Synopses & Reviews
Tom Perrotta meets David Brooks in The Leading Indicators--a powerful modern parable about one American family's fall from grace during the recession
Margo and Tom Helot have the perfect life. He works in finance; she's an enterprising stay-at-home mom. They inhabit a fully redecorated home complete with expensive his-and-hers cars in the drive and situated in the peaceful, leafy suburb of a major American city. Day after day delivery trucks arrive bearing packages from the kinds of places all Americans wish they received packages: Williams-Sonoma, Bergdorf Goodman, Villeroy & Boch. The family is rounded out by two delightful children with good grades, well on their way to top colleges.
Then it all comes crashing down around them: Tom's boss reveals that due to "regrettable oversights," their high-flying company actually was a fraud. Forced into the job market just as the Dow plummets and unemployment starts to spike, Tom is buffeted from one failing company to the next. The Helots lose their house, then their apartment. As the powerful at the very top roll in government subsidized bonuses, while everyone else falters, Tom and Margo find themselves adrift in “an American economy that now produces shattered lives with the same fervor it once produced Oldsmobiles.” Ultimately, they must face a terrible choice to save their family's future. This compelling and insightful novel from seasoned social commentator Gregg Easterbrook strikes at the heart of the American moment.
"The allegorical fall of a typical American family offers fodder for a philosophical examination of national values in this compelling but flat novel from Easterbrook (Here and Now) that kicks things off with a bang, literally, as a UPS truck and a FedEx truck crash in Margo Helot's driveway delivering goods that 'sustain high-end lifestyle.' Soon, her husband Tom's business partner bankrupts their company, rendering Tom's numerous shares worthless. Margo assumes that their daughters' lessons (tutors, fencing, soccer, basketball) and treats will continue on pace, while Tom takes short-term work as economic collapse looms. But their dwindling cash reserves force them to sell their home and bring them to question their material lifestyle until Tom becomes a delivery man, using the long, dull hours in the truck to develop new ideas about the state of the nation: 'Suppose the minimum annual income were ,000'; 'What seemed to the political and media elite like a 2008 financial freeze that caused rising unemployment was actually two unrelated events.' The polemical moments add intelligent context, but distance readers from Margo and Tom's emotional struggles by reducing their troubles to textbook examples of American excess. Still, the Helots' desperate straits will resonate considering the current recession. Agent: Michael Carlisle, Inkwell Management." Publishers Weekly Copyright PWxyz, LLC. All rights reserved.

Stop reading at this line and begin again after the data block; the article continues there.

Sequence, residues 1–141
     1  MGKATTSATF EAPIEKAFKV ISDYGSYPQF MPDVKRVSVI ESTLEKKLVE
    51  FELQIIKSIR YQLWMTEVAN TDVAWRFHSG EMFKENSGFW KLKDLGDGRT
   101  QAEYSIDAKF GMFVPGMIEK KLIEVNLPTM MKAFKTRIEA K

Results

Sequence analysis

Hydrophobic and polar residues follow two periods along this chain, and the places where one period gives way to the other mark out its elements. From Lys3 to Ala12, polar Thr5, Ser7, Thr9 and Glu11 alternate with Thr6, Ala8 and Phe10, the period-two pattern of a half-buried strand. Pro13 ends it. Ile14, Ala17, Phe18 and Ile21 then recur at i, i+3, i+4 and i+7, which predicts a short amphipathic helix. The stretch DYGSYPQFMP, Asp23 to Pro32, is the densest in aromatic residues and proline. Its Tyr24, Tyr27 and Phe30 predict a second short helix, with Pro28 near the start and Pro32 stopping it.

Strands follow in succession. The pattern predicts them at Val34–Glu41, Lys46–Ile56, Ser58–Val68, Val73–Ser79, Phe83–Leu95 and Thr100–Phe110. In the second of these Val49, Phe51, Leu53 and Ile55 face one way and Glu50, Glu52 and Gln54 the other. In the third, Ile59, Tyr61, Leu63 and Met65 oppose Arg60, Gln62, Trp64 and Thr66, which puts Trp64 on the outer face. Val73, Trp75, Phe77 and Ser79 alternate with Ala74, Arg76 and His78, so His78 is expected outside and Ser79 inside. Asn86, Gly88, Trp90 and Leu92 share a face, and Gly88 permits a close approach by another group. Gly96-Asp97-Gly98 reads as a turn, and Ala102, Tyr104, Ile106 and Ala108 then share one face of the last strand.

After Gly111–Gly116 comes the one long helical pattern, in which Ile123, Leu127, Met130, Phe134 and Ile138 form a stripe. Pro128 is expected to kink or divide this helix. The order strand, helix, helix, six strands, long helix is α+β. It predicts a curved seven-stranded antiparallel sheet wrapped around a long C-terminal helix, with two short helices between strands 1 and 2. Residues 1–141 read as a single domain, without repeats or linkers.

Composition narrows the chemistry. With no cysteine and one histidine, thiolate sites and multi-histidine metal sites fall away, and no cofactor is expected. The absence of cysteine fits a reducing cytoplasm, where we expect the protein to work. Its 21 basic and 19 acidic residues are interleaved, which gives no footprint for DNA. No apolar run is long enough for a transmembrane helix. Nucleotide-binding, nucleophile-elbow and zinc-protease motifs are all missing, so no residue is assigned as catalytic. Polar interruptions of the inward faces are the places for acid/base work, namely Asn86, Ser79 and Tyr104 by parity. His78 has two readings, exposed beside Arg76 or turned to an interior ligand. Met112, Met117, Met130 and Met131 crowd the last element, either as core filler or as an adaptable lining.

Tom Perotta meets David Brooks in a powerful modern parable about one American family's fall from grace during and after the recession Margo and Tom Helot have the perfect life. They inhabit a fully redecorated home situated in the peaceful, leafy suburb of a major American city. Their family is rounded out by two delightful children well on their way to achieving perfect Ivy League applications. Everything has turned out more or less as they'd hoped and expected it would. Until, that is, it all comes crashing down around them when Tom's boss reveals that their company is bankrupt. Forced into the job market just as the Dow plummets and unemployment starts to spike, Tom finds himself buffeted by the winds of misfortune, bouncing from one failing company to the next and towing his family into a maelstrom of debt and financial insecurity. With nowhere else to turn, he and Margo must make the ultimate choice to save their family's future. This compelling and insightful novel from seasoned social commentator Gregg Easterbrook strikes at the heart of the American family.
About the Author
GREGG EASTERBROOK is the author of a number of books, including The Progress Paradox, Tuesday Morning Quarterback, The Here and Now, and Sonic Boom. He is a contributing editor of The Atlantic Monthly, The New Republic and The Washington Monthly, and a columnist for ESPN.com. He has been a distinguished fellow of the Fulbright Foundation, a visiting fellow of the Brookings Institution, a bartender, a bus driver and a used-car salesman.